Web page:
Reassess value of student ‘mass migration’ within UK, says report

Hepi study calls for debate on the purpose and value of the UK’s costly system of residential universities

十一月 14, 2019
Source: Getty

The UK’s “unusual and relatively new” system of residential universities should be re-examined to see whether it still serves a useful purpose, a study recommends.

In Britain, some 1.5 million students leave home each autumn to study, with 48 per cent of these students living in purpose-built halls and 52 per cent in private rented accommodation.

But an analysis for the Higher Education Policy Institute by William Whyte, professor of social and architectural history at the University of Oxford, has questioned whether this “mass migration” – accounting for about 80 per cent of all full-time UK students in 2017-18 – creates the educational benefits for students initially imagined during the post-war expansion of UK higher education.

“Universities need to begin a debate about the purpose and function of residence,” Professor Whyte argues in his report, Somewhere to Live: Why British Students Study Away from Home – and Why It Matters, published on 14 November.

Students’ “motivation [for leaving home] is far removed from the ideology that first legitimated this great migration”, says Professor Whyte, the author of Redbrick: A Social and Architectural History of Britain’s Civic Universities.

“For more than a century, it was assumed that residence was necessary to create a university community, to foster student education, and to enculturate undergraduates – especially those who had not experienced boarding school,” he says.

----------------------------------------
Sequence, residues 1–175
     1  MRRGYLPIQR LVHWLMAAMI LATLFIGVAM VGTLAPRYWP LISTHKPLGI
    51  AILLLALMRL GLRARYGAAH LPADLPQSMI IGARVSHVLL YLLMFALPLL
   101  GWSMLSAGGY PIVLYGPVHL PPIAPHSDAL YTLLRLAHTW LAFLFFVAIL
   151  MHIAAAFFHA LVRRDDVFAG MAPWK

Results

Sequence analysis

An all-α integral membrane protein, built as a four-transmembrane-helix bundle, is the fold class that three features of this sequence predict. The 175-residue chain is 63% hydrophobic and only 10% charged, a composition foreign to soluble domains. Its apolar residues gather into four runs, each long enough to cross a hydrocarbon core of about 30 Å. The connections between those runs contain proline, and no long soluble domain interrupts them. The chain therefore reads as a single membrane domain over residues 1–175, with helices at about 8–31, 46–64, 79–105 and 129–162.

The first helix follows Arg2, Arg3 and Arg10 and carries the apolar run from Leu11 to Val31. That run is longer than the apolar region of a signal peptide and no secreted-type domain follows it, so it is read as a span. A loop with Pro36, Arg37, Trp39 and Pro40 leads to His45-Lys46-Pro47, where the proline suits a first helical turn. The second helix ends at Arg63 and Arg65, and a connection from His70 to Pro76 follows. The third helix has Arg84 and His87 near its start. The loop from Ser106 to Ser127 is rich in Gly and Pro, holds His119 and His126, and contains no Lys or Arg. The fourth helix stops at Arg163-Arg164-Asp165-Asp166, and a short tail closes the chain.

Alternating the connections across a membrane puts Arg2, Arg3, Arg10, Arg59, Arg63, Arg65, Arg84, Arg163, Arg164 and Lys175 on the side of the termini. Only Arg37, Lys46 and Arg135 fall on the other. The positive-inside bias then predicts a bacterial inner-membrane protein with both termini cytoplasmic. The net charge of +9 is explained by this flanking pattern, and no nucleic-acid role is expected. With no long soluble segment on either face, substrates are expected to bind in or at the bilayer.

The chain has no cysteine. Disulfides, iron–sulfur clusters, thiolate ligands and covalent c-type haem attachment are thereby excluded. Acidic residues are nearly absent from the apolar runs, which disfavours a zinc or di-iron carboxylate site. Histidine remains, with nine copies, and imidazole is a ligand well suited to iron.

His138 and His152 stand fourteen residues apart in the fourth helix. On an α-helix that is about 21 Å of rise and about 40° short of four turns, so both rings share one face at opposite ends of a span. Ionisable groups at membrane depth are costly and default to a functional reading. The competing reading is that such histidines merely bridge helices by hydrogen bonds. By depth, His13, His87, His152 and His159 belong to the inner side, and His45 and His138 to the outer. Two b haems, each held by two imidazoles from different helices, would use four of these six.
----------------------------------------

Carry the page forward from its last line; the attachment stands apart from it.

He explains that residential universities were founded on the belief that “students need to be taken out of their homes and sequestered away from the community” because the university was a “place set apart from the world, filled with a self-conscious elite”.

As this view of universities is now obsolete, the continued rationale for living away from home is far less clear, Professor Whyte adds.

“Beyond a general sense that moving to university will grant the ‘freedom to be oneself’ and a more or less accurate belief that life is more fun away from mum and dad, it is difficult to say what migrating from home is intended to achieve – especially given the relatively short distances most students actually travel,” he says, highlighting that 55 per cent of students who live away from home could easily commute to university from their family home.

That discussion is increasingly relevant given the rising rental costs faced by students, who can now expect to pay an average of nearly £6,400 a year for their rooms – a figure that rises to nearly £8,900 in London, the report says. Meanwhile, growing concerns over student mental health also raise questions about the UK’s residential university model, the report argues.

An “over-emphasis on cellular accommodation and an under-appreciation of the need for communal and shared space” meant that the traditional benefits of peer-to-peer support in student housing might not be enjoyed by all students, the report says.

Professor Whyte, whose report was sponsored by the student housing provider UPP, also calls for debate on “how both the planning and design of accommodation can overcome any sense of separation between the institution and the world around it” to deepen student engagement with their local communities.

“Our current system of mass residential university life is rather unusual and relatively new,” concludes Professor Whyte, who says the opening-up of an “elite – and elitist – model” of residential higher education to 50 per cent of young people has “undoubtedly [had] benefits, but its implications have not been sufficiently explored”.

jack.grove@timeshighereducation.com

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